Staging of Breast Cancer

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TNM Classification: Staging is a way to classify how large a cancer has grown and how far it has spread at the time of diagnosis. Knowing the stage of the cancer helps determine the best treatment for the cancer. Cancer doctors use the “TNM” staging system to classify a patient’s stage of cancer. “T” stands for the tumor size, “N” stands for whether the lymph nodes in the region have cancer in them, and “M” stands for whether the cancer has spread (or metastasized) from the breast to other parts of the body such as the liver, lungs, bones. The T, N, and M are then combined and form the stage of the cancer (from stage 0 to stage IV).

Clinical staging: When a patient is initially diagnosed with breast cancer (after the biopsy is performed but before surgery has been done), the doctor will assess the clinical stage, based on the physical exam and imaging findings. They will estimate the size of the mass in the breast and will assess for the presence of any abnormal lymph nodes by physical exam and imaging studies. Occasionally, scans of the body will be performed (such as a CT scan, bone scan, PET scan, chest x-ray, MRI or ultrasound of the abdomen). These imaging studies are usually not recommended unless the lymph nodes are felt to be abnormal on examination or the patient has signs or symptoms that the cancer has spread to other parts of the body.

Pathologic staging: At the time of surgery (for stage 0-III breast cancer), the surgeon will remove the breast tumor and (for stage I-III breast cancer) some of the regional lymph nodes. After surgery, a pathologist will examine all the tissue removed at the time of surgery and will generate a “pathological stage.” This stage is most accurate as the pathologist is able to give an accurate size of the actual tumor (which is sometimes different than the imaging or examination estimated prior to surgery) and will also give an accurate assessment of whether lymph nodes are involved by cancer.

Stage 0 breast cancer is ductal carcinoma in situ (DCIS), which is a pre-cancer that does not have the potential to spread elsewhere.  It is considered to be curable by surgery. Often radiation is also offered, to reduce the risk of cancer returning in the same breast. Patients with stage 0 cancer are at higher risk of developing a new cancer in either breast compared to someone who never has had DCIS. For this reason, sometimes patients are treated with medicine (such as tamoxifen or an aromatase inhibitor) to reduce the risk of another breast cancer in either breast.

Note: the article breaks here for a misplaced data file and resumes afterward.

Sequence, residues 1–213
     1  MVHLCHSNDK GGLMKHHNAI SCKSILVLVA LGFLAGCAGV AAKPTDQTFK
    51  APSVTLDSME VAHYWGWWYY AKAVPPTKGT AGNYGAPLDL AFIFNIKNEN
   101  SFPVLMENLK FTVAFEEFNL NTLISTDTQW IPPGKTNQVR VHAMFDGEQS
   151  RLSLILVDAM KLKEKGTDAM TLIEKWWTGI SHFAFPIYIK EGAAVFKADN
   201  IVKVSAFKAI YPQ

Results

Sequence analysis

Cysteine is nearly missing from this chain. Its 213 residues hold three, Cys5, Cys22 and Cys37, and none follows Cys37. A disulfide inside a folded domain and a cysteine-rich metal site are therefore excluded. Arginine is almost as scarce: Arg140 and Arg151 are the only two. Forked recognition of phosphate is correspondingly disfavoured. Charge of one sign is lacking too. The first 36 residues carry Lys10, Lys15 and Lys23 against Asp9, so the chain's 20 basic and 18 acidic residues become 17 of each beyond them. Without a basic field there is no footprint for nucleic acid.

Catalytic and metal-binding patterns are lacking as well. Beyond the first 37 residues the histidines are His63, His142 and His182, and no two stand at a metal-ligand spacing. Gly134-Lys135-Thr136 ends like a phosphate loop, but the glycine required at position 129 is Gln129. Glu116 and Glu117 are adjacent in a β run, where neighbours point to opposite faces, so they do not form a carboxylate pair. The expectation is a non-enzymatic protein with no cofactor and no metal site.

Stage I and II breast cancers are early stage, localized tumors. Stage I breast cancer is small (less than 2 cm) and has not spread to the lymph nodes. Stage II cancers are up to 5 cm and may have some lymph nodes involved by cancer. These tumors are generally treated with surgery and sometimes radiation to the breast and nearby lymph nodes. Patients will also receive systemic therapy. Those patients with hormone receptor positive tumors will generally be given endocrine therapy for at least 5 years. Patients with HER2 positive tumors will almost always be given HER2-targeted therapy plus chemotherapy. And patients without ER, PR, or HER2 expression (so called “triple negative” tumors) will be treated often with chemotherapy.

Stage III breast cancers are larger tumors (over 5 cm), often with spread to the lymph nodes.  These tumors are still potentially curable, but are considered to be “locally advanced” and are generally treated aggressively with surgery, radiation therapy, chemotherapy and, if HER2-positive, HER2-targeted therapy.

Stage IV (metastatic) breast cancer is breast cancer that has spread outside of the breast and lymph nodes and can be seen on an imaging scan in other organs such as the bone, brain, skin, liver, or lungs. (Note: When cancer has spread to a different organ, it is called metastatic breast cancer of that organ. It is not a new cancer in that organ. For example, when breast cancer has spread to the liver, it is not called “liver cancer,” it is called “metastatic breast cancer to the liver.”) Metastatic breast cancer is sometimes diagnosed in a woman who never has been diagnosed with breast cancer before. This is termed “de novo” metastatic breast cancer and occurs only ~10% of the time in the US. The majority of patients diagnosed with metastatic breast cancer have a prior history (months or years before) of early stage breast cancer. In either case, it is important for a patient to have a biopsy of the metastatic tumor seen on imaging studies to confirm that it is indeed breast cancer and to retest the tumor subtype (ER, PR and HER2 protein expression). Metastatic breast cancer is a chronic illness. It is not considered to be curable however it is highly treatable. Due in large part to significant advances made in the systemic treatment of breast cancer, patients can often live many years with metastatic disease. There are two main goals of treatment for patients with metastatic disease: (1) to control the disease with medicine and (2) to preserve (or improve) quality of life.  There are numerous therapies available to women with metastatic breast cancer, and many innovative, targeted treatments are currently in late stage clinical trials that have the potential to improve long-term outcomes for women with metastatic disease.